Sherman's Food Adventures

Route 14

Not trying to stray too far from our hotel and also that it was something different than our hotel restaurant, we made our way to Route 14 for dinner.  Named after the street that it resides on, Route 14 didn't look like much from the outside.  In fact, we would've passed right by it and dismissed it as another bar.  However, looks can be deceiving as the online reviews seemed to make it sound like a solid place for the entire family.  We made a reservation and thank goodness we did as it was pretty busy.

In addition to the burger (yes, another burger) that I had ordered, we had the Salt & Pepper Wings too as an appie.  Glistening with oil, these wings were indeed a bit on the greasier side, yet at the same time, they were super crispy.  As for the meat itself, beyond the crispiness of the exterior it was juicy and tender (not dry at all).  They were well-seasoned being salty enough and of course peppery.  I got the side of blue cheese dip and it provided an extra layer of creamy sharpness to the crispy wings.  My Route 14 Classic Burger wasn't as a good as the one from West Coast Grill, but was still solid in its own right.  It sported a 6oz fresh brisket and chuck patty, cheddar, shredded lettuce, tomato, onion, pickle and special sauce on a toasted potato bun.  I found the well-charred patty to be meaty and full flavoured with bits of onion strewn throughout.  With all of the ingredients, the burger ate moist despite the lean patty.  Being very crispy with little potatoness left, the fries were more like double-cooked frites.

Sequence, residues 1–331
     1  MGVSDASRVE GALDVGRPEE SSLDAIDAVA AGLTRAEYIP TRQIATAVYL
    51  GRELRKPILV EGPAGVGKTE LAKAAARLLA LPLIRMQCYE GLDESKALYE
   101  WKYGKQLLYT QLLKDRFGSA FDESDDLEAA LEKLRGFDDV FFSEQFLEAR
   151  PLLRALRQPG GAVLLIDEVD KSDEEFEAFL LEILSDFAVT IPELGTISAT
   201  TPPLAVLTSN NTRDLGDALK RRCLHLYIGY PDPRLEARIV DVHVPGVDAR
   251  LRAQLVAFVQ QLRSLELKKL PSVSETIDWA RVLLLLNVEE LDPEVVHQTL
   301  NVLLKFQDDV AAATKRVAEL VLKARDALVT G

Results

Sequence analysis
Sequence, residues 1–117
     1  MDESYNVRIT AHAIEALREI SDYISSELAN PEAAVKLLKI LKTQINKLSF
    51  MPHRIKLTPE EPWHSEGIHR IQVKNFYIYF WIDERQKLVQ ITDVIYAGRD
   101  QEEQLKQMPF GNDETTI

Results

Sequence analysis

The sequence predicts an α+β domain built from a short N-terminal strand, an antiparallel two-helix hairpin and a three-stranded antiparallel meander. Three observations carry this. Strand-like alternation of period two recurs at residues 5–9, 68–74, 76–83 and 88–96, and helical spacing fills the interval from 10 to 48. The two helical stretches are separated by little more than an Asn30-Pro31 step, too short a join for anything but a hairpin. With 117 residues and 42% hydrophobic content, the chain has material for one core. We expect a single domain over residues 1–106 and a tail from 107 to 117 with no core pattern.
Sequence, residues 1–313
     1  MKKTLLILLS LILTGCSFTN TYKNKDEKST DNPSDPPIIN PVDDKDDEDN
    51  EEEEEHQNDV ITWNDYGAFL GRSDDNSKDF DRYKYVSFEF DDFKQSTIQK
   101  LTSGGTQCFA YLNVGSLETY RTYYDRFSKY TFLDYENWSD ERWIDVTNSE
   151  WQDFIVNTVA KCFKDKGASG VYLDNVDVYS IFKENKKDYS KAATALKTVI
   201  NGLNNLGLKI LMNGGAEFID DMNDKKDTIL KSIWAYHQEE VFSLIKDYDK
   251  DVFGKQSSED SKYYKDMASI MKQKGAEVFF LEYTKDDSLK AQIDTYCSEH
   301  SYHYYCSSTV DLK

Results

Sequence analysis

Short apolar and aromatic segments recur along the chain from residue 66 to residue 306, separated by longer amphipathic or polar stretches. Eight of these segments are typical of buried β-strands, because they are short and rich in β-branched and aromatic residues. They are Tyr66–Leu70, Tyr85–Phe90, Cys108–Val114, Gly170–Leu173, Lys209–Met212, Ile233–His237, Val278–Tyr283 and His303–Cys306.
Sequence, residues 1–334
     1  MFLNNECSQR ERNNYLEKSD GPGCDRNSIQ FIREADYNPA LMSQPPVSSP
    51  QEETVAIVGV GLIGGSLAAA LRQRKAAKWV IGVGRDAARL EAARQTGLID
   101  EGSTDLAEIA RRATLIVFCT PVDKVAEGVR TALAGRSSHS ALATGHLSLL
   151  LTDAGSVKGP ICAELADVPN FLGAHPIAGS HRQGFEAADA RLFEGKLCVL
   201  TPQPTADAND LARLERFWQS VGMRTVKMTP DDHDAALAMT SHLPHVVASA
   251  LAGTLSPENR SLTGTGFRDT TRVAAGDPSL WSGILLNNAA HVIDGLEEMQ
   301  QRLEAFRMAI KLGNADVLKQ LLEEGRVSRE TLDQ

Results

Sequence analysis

Viv had the Chicken Club consisting of marinated & grilled chicken breast, maple smoked bacon, Camembert cheese, lettuce, tomato and garlic mayo on toasted sourdough.  When it arrived, we were rather impressed at the size of the sandwich.  However, we found quite a few issues with it.  First of all, the bread was toasted rather aggressively and it ate dry and hard.  Second, the bacon was overly firm where it was difficult to chew through (yet it tasted good).  Lastly, the chicken was too thin where it was barely there and ate very dry.  The best part was the melted and creamy camembert.  My son opted for the 1/2 Rack of Baby Back Ribs with fries and slaw.  These were pretty typical of non-BBQ ribs (they were oven-roasted), but done well being tender with a good amount of meatiness still remaining.  As for the Dark Matter BBQ sauce, it was more sweet than tangy or smoky.  There could've been a lot more of it too.